Methods of Diagnostics and Identification of Urethritis
First of all, the doctor shall ask the patient to describe all the signs in details, chronic pathologies, past surgical interventions, and conduct an examination.
At the laboratory, the following diagnostic methods are used:
• urethral smear to identify the pathogen;
• urine analysis, which includes “urine glass test”, when the patient should urinate consistently in two (“two-glass test”) or three (“three-glass sample”) glasses;
• bacteriological inoculation of urine;
• blood test for sexually transmitted diseases.
The pathogen can be effectively detected by polymerase chain reaction (PCR-diagnostics).
If an infectious agent is detected, treatment of the sexual partner may be required. For the non-infectious nature, an allergy test is performed to exclude the allergic nature of the disease.
For recurrent or severe urethritis, ultrasound of the kidney is performed to determine a possible pathology that causes urine outflow disorder. In addition, a blood test for sugar is recommended to find out whether diabetes mellitus may cause recurrence of the disease.
• ultrasound of the prostate, bladder;
• urethroscopy: examination of the urethra with an optical device, i.e. urethroscope (not performed for acute pathology);
• urethrography: X-ray examination is performed after filling the urethra with a radiopaque material.
Treatment of Urethritis
The doctor may prescribe the treatment of urethritis in men based on the results of the diagnostic examination, severity and type of the disease (acute/chronic, infectious/noninfectious, and primary/secondary).
• If the pathology was triggered by an irritant, for example, a hygiene product, then cessation of using the product can be enough to recover within a day. If improvements are not seen, it is important to promptly seek qualified assistance.
• For an allergic disease, antihistamines will be effective.
• Bacterial urethritis requires antibiotics. The specific drug is selected based on the swab test, with the sensitivity of the pathogen to be always determined. Chronic urethritis may take a long treatment (up to six months) with antibacterial macrolides.
• In case of a viral disease, specific antiviral drugs (for example, acyclovir for herpetic urethritis), and in case of a fungal infection, antimycotic agents (for example, clotrimazole for candidal urethritis) are prescribed.
To reduce inflammation and pain, the doctor can also prescribe non-steroidal anti-inflammatory drugs, such as paracetamol, ibuprofen.
In addition to systemic treatment, sometimes without acute processes, local therapy is recommended, such as rinsing (instillation) with antiseptic solutions of the urethra. The doctor can recommend the use of the agents that modulate immunity and/or normalize microflora, if necessary.
Treatment of secondary urethritis should be always aimed at the elimination of the primary pathology. During the treatment, the following measures are to be taken:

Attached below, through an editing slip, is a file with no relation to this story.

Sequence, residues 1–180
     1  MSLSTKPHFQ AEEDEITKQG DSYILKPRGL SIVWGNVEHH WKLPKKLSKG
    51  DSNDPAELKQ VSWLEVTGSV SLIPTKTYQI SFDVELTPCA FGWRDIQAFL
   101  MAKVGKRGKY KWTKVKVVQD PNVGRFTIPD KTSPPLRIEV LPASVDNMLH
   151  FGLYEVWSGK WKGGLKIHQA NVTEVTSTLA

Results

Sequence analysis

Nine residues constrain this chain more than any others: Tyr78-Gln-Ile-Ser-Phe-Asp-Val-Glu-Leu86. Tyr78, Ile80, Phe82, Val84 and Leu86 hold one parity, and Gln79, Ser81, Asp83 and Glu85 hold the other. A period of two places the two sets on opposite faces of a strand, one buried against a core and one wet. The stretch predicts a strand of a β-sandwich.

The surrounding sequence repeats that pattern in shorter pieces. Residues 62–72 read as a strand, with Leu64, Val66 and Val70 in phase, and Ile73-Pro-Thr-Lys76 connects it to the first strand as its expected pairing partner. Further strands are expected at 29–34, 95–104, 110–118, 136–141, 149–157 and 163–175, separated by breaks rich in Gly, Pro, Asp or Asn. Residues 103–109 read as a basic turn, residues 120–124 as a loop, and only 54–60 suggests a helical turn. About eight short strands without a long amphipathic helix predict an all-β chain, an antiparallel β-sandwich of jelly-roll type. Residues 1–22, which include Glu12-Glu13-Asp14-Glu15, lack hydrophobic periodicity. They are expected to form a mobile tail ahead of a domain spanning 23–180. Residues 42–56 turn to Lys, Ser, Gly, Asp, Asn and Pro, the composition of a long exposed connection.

• drink enough liquid, fresh water preferably, up to 6-8 glasses per day to ensure adequate elimination of toxic substances;
• exclude mechanical irritation of the urethra;
• abstain from spicy foods, alcohol;
• use sedentary baths to ease your well-being;
• avoid sexual contact, or use a condom;
• provide the partner's treatment (if recommended by a doctor).
Always agree with the doctor, if home treatment can be expedient. Traditional medicine recommends treating male urethritis with the following means:
• cranberry juice;
• black currants drinks;
• infusion of black currant leaves or cornflower dried flowers;
• bath with chamomile decoctions, oak bark, etc.
Approaches to the treatment of chronic pathology represent an actual problem for modern studies resulting in the emergence of new effective therapeutic tools and techniques.
Timely adequate treatment of make urethritis will avoid a number of serious complications such as:
• chronization of the pathological process;
• development of concomitant inflammatory diseases
• of the bladder (cystitis);
• of the kidneys (pyelonephritis);
• of the prostate gland (prostatitis);
• of the seminal vesicles (vesiculitis);
• of the foreskin and penis (balanoposthitis);
• inflammation of the testicle (orchitis) or the epididymis (epididymitis), etc.;
• narrowing (stricture, as used in medicine), deformation of the urethra;
• Reiter's syndrome, reactive arthritis (after chlamydial urethritis, reactive arthritis develops in 1-3% of cases);
• in neglected cases, infertility.
Preventive measures include the following:
• exclusion of promiscuous sexual intercourse, use of condoms;
• timely detection and management of chronic conditions that promote the development of pathologies (urolithiasis, diabetes, etc.);
• prevention and adequate treatment of diseases of the organs of the urogenital tract;
• adequate personal hygiene;
• balanced diet, abstention from harmful food, alcohol;
• elimination of hypothermia;
• giving up smoking;
• annual visit to the urologist, if necessary, examination for STDs;
• in some cases, as prescribed by the doctor, postcoital antibiotic prophylaxis.
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